What Is a Casino?
A casino, or gaming house, is an establishment for certain types of gambling. Modern casinos often offer a variety of games and are found near or combined with hotels, restaurants, retail shops, cruise ships, and other tourist attractions. Many states have legalized casino gambling.
In a casino, gamblers bet on games of chance, and the house makes money by taking a percentage of total winnings or charging an hourly fee to players. While casino luxuries such as stage shows, shopping centers, and elaborate themes help draw in crowds, the billions in profits raked in by casinos are largely due to games of chance like slots, blackjack, roulette, craps, and keno.
Gambling has been a popular pastime throughout much of human history, and many ancient societies built social structures around it. Modern casinos make extensive use of technology to ensure the fairness of games, and some have strict rules about player conduct.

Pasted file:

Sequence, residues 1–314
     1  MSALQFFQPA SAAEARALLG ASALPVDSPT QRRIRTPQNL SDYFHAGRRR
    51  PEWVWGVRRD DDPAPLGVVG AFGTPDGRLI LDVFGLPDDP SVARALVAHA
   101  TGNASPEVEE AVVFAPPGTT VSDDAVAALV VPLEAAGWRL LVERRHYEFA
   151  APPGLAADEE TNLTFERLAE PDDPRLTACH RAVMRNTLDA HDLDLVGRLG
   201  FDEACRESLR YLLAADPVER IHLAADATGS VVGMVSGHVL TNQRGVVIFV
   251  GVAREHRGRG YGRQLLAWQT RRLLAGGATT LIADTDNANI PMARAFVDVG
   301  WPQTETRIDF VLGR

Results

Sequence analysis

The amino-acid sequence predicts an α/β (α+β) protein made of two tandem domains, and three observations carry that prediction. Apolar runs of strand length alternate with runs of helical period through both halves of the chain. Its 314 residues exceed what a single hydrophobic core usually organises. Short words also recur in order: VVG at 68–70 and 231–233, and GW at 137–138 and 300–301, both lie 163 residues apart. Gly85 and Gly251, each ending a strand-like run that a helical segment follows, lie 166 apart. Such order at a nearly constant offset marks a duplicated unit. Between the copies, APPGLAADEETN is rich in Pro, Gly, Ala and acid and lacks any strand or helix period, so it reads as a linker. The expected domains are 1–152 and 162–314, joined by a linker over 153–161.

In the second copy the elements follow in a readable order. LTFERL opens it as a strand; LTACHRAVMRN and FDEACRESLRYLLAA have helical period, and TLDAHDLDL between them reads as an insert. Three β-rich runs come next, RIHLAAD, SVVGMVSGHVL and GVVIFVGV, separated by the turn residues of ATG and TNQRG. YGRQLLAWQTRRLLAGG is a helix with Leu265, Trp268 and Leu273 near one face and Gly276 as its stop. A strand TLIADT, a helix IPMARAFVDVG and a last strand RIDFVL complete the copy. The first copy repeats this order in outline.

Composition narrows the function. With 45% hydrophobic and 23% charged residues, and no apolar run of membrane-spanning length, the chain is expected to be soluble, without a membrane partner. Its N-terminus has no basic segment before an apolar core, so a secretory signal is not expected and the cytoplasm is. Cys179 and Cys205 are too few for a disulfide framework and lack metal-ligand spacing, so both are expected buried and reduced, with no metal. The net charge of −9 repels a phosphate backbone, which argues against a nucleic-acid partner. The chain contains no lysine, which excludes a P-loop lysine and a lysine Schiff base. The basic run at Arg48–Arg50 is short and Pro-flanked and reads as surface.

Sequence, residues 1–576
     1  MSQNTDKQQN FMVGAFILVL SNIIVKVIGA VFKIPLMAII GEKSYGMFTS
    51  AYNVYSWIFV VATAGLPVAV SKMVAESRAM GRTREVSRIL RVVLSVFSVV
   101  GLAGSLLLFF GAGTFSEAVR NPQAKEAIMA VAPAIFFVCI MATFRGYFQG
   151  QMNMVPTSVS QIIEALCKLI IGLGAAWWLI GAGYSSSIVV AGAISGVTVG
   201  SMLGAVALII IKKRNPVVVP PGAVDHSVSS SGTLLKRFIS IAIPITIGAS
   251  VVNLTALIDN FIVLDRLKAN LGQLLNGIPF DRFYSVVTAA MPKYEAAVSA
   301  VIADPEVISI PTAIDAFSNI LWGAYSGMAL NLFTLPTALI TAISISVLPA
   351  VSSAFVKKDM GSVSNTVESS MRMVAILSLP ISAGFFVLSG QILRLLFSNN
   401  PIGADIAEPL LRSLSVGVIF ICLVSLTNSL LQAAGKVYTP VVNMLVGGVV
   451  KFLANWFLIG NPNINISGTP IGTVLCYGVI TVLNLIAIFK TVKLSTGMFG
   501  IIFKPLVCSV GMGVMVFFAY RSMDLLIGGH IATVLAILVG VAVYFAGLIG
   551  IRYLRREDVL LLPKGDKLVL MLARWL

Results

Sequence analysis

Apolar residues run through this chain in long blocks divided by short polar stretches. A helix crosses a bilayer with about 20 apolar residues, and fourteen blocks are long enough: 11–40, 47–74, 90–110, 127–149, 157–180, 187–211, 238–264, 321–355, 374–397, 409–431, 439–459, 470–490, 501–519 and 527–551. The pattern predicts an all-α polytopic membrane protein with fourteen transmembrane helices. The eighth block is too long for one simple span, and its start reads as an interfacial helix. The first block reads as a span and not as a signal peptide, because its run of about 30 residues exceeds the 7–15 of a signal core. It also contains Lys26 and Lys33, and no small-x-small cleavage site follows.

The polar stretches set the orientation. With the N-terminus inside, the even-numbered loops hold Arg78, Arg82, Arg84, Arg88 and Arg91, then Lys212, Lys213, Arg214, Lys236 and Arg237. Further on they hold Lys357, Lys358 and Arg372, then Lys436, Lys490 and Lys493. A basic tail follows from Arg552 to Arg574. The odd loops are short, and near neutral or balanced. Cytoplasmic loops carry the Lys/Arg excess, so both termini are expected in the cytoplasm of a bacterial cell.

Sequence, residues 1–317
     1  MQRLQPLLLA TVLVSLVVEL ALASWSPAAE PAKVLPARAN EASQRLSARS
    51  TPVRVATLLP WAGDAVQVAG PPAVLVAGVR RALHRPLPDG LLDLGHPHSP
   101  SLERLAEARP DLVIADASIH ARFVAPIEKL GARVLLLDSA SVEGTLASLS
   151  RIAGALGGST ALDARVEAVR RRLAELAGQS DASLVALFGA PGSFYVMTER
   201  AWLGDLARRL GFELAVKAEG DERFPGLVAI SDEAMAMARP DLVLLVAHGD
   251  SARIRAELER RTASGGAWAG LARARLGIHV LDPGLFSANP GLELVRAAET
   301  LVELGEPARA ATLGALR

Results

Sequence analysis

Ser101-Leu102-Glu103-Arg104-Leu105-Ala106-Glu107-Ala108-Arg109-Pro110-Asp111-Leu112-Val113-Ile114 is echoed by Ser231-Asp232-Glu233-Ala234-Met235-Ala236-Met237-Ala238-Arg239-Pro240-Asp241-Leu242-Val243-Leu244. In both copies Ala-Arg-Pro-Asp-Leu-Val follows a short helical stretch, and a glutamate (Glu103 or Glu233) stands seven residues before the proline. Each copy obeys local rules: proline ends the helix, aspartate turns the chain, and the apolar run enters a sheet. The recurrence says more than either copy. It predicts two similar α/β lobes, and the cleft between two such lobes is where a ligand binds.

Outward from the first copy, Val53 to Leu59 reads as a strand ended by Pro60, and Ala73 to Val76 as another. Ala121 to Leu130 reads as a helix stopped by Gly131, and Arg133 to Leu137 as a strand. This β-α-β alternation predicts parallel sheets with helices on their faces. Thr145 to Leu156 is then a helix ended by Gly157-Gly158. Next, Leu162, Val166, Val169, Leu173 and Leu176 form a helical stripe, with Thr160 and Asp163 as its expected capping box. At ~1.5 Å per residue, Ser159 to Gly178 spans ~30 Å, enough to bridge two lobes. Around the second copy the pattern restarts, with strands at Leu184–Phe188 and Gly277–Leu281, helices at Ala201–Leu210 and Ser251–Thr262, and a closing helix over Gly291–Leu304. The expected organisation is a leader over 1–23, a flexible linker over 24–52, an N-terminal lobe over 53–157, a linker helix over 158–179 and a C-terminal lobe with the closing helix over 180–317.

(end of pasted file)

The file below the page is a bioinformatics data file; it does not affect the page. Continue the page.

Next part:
As the casino industry evolved, organized crime figures provided large amounts of capital to expand and operate new casinos. Mob money brought a veneer of respectability to Reno and Las Vegas, but it also brought corruption and intimidation. Legitimate businessmen were unwilling to become involved in the tainted gambling businesses, even though they offered high returns.
Despite the glamour of casino games and the millions in profits they generate, casinos are inherently risky. Patrons and employees may cheat, steal, or bribe in collusion, and casino security must be alert to these threats. A modern casino typically has a physical security force and a specialized surveillance department, both of which work closely together to deter criminal activity.